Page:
Search This Blog

Wednesday, August 7, 2019

The Pleasure’s All Mine—The Sydney Pleasure Gardens

I have been visiting Bath, England for the past couple of days, so I thought it fitting for me to use my blog post here to sing the praises of a less well-known site: The Sydney Pleasure Gardens.

Pleasure gardens were the rage across England in the 18th and into the 19th century. Vauxhall Gardens in London have quite a reputation for scandal and are utilized quite often in Regency romance novels. Unfortunately, the Vauxhall Gardens closed permanently in 1856, although in 2012 some of the land was reopened as a park and called Vauxhall Pleasure Gardens. (I was there last week!)

The Sydney Gardens, in Bath, however, are the only 18th century pleasure gardens still in existence today. They are listed as a Grade II on the Register of Historic Parks and Gardens. I went to view the gardens this morning, marveling at how different/same it was from a scene I had just written a couple of days ago.

The Holborne Museum used to be a hotel through which you entered the gardens. There was/is a path leading straight back toward the Kenet and Avon canal (which figures in my novella, It Happened at Christmas), with very pretty cast iron bridges spanning the water (part of the contract with the park).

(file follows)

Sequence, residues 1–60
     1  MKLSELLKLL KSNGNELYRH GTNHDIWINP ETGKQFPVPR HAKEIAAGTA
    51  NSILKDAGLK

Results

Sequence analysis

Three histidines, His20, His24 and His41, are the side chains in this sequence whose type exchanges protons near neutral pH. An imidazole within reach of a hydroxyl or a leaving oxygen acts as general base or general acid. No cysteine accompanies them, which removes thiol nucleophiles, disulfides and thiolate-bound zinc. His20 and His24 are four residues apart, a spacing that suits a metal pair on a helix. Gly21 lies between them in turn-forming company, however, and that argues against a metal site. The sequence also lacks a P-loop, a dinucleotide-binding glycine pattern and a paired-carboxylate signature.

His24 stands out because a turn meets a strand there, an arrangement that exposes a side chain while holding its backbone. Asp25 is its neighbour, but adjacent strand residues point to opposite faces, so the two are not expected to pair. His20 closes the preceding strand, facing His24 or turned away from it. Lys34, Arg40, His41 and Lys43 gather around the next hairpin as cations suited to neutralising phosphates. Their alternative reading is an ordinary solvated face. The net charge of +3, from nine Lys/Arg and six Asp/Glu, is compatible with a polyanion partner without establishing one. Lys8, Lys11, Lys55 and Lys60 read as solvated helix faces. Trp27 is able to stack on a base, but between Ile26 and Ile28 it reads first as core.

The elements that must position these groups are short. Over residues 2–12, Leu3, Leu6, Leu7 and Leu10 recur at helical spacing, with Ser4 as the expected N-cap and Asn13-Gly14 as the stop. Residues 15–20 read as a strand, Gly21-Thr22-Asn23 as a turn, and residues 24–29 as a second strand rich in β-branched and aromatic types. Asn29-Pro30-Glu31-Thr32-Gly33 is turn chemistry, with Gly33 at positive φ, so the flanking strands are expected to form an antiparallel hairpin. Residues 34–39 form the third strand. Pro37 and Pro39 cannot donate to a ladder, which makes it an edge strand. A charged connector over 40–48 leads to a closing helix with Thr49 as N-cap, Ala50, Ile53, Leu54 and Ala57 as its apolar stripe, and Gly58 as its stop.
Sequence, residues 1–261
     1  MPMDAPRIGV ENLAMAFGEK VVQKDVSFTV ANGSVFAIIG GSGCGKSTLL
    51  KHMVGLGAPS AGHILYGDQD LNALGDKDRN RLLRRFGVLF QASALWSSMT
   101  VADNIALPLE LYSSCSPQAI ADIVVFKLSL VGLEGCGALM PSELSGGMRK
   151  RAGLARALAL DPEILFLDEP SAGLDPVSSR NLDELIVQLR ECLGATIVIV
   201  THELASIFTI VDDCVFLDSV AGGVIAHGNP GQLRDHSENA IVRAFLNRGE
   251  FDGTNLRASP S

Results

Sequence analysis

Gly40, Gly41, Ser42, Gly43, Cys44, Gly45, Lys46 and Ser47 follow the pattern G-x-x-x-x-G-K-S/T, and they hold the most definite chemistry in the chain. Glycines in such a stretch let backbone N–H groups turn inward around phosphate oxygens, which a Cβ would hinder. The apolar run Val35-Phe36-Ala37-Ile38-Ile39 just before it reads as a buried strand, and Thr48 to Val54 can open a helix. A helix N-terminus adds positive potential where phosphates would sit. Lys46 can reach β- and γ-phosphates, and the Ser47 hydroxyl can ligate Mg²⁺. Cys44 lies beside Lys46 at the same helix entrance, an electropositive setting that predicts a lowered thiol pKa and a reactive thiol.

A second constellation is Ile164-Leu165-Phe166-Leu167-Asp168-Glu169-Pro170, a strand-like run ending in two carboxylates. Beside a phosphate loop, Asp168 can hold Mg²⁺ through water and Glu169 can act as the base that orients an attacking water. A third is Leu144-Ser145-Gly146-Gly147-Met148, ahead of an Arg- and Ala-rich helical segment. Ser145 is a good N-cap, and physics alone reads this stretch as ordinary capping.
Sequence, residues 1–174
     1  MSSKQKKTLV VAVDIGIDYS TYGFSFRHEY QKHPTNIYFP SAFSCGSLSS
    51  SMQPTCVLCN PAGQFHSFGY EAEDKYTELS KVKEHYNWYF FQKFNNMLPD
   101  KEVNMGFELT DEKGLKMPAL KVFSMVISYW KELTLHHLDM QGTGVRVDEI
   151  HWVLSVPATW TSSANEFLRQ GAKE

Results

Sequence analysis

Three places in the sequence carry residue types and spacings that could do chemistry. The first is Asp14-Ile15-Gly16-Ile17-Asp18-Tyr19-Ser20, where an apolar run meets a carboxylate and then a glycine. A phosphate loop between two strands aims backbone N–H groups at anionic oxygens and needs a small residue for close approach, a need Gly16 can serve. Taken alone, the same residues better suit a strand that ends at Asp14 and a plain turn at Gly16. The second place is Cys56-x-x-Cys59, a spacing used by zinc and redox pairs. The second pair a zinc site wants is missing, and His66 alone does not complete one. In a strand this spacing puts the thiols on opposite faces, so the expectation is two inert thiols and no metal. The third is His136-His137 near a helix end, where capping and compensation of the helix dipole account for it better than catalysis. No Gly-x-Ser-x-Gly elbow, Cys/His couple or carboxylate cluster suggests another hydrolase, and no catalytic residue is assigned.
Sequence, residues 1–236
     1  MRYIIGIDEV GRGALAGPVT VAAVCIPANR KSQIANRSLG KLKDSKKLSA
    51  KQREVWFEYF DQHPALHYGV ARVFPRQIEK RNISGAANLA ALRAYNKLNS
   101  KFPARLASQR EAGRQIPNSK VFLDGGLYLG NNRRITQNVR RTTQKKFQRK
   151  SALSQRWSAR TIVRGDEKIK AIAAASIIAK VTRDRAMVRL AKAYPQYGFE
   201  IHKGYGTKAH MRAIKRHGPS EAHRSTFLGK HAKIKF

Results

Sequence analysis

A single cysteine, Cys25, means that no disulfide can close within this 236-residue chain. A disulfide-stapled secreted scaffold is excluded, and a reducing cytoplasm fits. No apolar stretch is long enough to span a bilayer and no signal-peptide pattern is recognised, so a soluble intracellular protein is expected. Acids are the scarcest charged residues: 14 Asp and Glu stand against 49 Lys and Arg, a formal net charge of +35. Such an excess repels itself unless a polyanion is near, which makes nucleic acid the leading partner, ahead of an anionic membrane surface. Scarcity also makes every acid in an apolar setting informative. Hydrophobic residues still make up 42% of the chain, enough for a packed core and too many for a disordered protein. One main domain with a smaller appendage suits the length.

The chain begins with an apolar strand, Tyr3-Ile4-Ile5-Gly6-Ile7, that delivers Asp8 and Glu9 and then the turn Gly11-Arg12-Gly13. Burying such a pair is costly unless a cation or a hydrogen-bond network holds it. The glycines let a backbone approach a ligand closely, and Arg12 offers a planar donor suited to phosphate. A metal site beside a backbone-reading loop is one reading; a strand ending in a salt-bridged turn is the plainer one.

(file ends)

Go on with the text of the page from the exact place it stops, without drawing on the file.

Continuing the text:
At the end of the 18th century, admission to the gardens cost 6d (6 pence). For an additional 6 pence you could have tea brought to you anywhere in the park. The 12 acre park, the largest pleasure gardens outside of London, was the scene of large public breakfasts on Tuesdays and Saturdays, where you could purchase tea, coffee, rolls, and Sally Lunn buns. This cost approximately 2 shillings per person in addition to entrance fees.

Part of the pleasure of the pleasure gardens was the attractions. (I think of the gardens almost as an 18th -19th century Disneyland.) There was a cosmorama (illuminated scenes of village life), a labyrinth, and Merlin’s Medical Swing, an actual boat swing which was supposed to promote good health. The garden was the scene of hot air balloon launches, various concerts, and fireworks displays. By 1831 there was even a menagerie of exotic animals.

Unfortunately, in the mid-19th century, the Great Western Railway bisected the Sydney Pleasure Gardens, reducing many of its popular features, and destroying the labyrinth. The park’s popularity continued to wane until it was sold to the Bath City Council in 1913, who put in tennis courts.

Even today, with most of its splendor behind it, Sydney Gardens can give real pleasure to those who take the time to remember its former glory days.

References:
Pitt, Catherine. The History of Sydney Gardens.
Sydney Pleasure Gardens. Various Plaques in Garden.

No comments: